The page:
Review: "Mars Needs Moms"

Plot: A young boy travels to Mars to rescue his abducted mother.

Bottom line: Substandard kiddie fare with by-the-numbers computer animation.

Cast: Seth Green, Joan Cusack, Dan Fogler

When/Where: Find local theaters where "Mars Needs Moms" is playing

Length: 1:22

'Mars Needs Moms' -- and inspiration

In this film publicity image released by Walt

In this film publicity image released by Walt Disney Studios, the character Ki, voiced by Elisabeth Harnois, is shown in a scene from "Mars Needs Moms." (Credit: AP Photo)

In the 3-D motion-capture movie "Mars Needs Moms," Seth Green plays a young boy named Milo. Actually, Green (the "Austin Powers" films) only acted out the movements. An 11-year-old named Seth Dusky provided the voice. It's complicated. More complicated, in fact, than necessary.

"Mars Needs Moms" is the latest film to use motion capture, in which actors wearing bodysuits and facial sensors generate data for computer animation. It's a far cry from the days when animators would grin into a mirror while sketching out a smile, but the results generally don't look any more "alive" than, say, the jaunty Mickey Mouse who first appeared in 1928. What's more, computers still can't generate inspiration, something "Mars Needs Moms" sorely lacks.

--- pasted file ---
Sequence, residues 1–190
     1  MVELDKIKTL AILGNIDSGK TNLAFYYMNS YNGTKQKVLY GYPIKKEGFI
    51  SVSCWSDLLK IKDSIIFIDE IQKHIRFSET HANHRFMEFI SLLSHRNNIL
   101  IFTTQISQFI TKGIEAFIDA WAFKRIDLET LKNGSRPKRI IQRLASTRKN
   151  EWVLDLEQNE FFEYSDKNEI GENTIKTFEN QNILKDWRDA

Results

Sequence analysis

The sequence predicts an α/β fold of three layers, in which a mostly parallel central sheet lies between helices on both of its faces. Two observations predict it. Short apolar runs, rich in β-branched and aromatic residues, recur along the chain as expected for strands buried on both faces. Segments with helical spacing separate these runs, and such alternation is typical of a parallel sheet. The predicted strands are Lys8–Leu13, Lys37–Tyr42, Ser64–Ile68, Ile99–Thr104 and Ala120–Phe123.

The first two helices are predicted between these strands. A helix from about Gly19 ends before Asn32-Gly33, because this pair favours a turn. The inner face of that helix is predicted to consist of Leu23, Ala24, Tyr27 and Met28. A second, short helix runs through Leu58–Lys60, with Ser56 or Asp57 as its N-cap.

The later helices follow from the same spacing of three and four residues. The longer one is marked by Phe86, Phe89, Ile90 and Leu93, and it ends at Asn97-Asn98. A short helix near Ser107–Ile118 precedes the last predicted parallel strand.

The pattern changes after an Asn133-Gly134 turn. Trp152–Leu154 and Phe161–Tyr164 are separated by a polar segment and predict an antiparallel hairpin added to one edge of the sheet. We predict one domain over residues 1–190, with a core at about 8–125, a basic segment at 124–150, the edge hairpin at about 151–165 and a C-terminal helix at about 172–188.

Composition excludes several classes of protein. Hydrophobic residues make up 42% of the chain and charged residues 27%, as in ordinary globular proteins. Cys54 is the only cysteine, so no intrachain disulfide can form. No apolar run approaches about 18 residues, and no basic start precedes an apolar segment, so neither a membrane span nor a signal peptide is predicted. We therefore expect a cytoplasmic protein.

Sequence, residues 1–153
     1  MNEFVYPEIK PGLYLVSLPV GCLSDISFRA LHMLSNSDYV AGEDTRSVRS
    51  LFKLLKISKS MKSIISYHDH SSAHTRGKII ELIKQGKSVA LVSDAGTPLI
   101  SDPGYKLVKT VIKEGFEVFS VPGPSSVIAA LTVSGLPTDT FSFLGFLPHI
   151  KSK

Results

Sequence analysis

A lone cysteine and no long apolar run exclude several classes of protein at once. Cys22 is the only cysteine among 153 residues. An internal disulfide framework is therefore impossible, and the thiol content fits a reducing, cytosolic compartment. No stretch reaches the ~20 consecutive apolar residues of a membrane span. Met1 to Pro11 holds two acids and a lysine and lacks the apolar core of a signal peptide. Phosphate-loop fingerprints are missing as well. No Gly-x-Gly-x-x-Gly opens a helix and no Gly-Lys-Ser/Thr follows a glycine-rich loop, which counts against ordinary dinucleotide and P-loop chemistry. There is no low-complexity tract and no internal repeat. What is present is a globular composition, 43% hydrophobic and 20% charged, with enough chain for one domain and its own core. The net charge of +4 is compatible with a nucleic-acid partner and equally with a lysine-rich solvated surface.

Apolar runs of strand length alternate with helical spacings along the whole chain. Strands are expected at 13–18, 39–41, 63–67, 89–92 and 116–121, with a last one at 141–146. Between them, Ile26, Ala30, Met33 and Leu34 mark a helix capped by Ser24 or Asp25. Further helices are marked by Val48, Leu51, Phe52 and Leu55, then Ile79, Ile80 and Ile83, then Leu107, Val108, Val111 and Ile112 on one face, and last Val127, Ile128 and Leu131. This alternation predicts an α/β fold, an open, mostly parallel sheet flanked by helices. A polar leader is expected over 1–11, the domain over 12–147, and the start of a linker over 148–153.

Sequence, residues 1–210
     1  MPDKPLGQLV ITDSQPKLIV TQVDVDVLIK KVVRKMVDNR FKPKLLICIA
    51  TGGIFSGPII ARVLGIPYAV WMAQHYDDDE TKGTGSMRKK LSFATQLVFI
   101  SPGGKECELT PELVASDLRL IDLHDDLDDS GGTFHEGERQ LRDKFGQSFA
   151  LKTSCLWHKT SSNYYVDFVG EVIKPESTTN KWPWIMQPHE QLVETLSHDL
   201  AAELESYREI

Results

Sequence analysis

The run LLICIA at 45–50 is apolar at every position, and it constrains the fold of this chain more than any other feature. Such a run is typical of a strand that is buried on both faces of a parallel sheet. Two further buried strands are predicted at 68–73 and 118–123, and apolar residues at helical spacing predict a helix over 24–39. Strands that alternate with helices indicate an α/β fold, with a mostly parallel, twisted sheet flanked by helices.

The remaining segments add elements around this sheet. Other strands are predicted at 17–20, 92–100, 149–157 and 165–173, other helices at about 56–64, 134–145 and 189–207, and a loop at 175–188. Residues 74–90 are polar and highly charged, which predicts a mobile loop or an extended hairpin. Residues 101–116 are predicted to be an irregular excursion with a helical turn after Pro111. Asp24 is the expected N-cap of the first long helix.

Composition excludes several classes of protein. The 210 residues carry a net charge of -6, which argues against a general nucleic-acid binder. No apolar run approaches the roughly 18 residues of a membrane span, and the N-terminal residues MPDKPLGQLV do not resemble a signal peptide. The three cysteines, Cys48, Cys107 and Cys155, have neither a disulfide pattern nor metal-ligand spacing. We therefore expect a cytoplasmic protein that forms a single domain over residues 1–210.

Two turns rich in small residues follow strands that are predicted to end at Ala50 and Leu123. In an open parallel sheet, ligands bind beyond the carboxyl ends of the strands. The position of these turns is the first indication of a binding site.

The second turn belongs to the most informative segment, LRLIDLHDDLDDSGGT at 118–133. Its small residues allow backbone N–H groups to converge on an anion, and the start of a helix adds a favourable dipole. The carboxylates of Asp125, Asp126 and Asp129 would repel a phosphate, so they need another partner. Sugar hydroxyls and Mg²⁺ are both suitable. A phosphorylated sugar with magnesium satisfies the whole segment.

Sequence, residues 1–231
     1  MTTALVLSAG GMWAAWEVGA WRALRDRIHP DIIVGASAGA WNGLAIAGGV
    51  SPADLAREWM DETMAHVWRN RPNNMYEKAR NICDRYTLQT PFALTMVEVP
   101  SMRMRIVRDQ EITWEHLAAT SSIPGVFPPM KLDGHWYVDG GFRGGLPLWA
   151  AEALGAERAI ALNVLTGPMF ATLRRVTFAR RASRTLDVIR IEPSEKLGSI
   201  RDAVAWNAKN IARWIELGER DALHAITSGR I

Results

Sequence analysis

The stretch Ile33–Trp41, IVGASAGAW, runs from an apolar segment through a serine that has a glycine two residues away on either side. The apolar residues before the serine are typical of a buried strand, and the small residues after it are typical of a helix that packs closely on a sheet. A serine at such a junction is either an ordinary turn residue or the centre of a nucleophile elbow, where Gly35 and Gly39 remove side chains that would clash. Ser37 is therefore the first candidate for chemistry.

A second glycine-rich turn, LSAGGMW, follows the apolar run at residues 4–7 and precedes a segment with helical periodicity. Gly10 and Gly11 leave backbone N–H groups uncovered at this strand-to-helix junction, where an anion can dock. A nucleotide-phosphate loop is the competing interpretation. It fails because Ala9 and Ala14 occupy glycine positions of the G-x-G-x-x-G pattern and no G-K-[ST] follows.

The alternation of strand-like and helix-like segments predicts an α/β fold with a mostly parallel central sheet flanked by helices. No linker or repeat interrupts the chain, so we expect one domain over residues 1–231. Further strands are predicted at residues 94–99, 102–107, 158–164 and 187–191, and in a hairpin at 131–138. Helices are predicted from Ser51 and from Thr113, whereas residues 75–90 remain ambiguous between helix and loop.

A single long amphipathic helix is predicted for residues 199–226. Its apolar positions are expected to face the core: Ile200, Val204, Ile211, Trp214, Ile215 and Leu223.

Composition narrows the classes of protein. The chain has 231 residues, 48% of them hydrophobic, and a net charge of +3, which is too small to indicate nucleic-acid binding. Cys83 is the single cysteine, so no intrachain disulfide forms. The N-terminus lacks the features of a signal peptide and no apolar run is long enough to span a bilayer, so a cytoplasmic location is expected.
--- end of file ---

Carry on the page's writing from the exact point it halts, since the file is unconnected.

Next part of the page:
Based on a children's book by cartoonist Berkeley Breathed, the film begins with a disobedient Milo discovering that his unnamed mom (Joan Cusack) is being abducted by aliens. After boarding the spaceship himself, Milo discovers the nanny-bots of Mars need reprogramming -- and his mom's brain will provide the reboot.

Milo eventually meets the Earthling Gribble (Dan Fogler), an overweight man-boy in the Rogen/Belushi mold, and Ki (Elisabeth Harnois), a ditsy Martian who learned her English from 1960s television ("crazy beautiful!"). Together they form a plan to rescue Mom. Oddly, an interspecies romance blooms as well.

The characters look a little like their actors, but move with the fake fluidity that remains a hallmark of much computer animation. Overall, the film looks neither fully real nor fully imagined, which could be forgiven if "Mars Needs Moms" had something more to offer besides its nifty technology.

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